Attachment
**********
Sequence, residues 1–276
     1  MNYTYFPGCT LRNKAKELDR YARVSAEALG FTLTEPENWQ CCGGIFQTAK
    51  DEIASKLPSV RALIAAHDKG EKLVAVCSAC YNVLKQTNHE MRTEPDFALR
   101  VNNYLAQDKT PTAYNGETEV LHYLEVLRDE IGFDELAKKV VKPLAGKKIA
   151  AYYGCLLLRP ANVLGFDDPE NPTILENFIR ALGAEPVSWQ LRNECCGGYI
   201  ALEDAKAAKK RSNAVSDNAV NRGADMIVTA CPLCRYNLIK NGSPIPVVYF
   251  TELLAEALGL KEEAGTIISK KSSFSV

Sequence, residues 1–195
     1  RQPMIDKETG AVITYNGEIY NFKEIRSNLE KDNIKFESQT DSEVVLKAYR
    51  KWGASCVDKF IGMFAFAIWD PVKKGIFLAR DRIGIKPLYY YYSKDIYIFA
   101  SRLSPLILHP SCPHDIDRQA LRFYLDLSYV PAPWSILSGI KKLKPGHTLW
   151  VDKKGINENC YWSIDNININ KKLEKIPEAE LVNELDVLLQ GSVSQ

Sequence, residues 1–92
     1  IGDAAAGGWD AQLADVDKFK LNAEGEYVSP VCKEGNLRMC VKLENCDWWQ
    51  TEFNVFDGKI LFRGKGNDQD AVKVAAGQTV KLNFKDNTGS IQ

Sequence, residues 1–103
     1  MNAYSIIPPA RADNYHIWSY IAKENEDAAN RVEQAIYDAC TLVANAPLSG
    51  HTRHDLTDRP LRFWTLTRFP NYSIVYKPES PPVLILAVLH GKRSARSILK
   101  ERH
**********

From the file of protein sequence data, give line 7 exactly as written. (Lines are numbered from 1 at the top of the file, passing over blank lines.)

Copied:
   251  TELLAEALGL KEEAGTIISK KSSFSV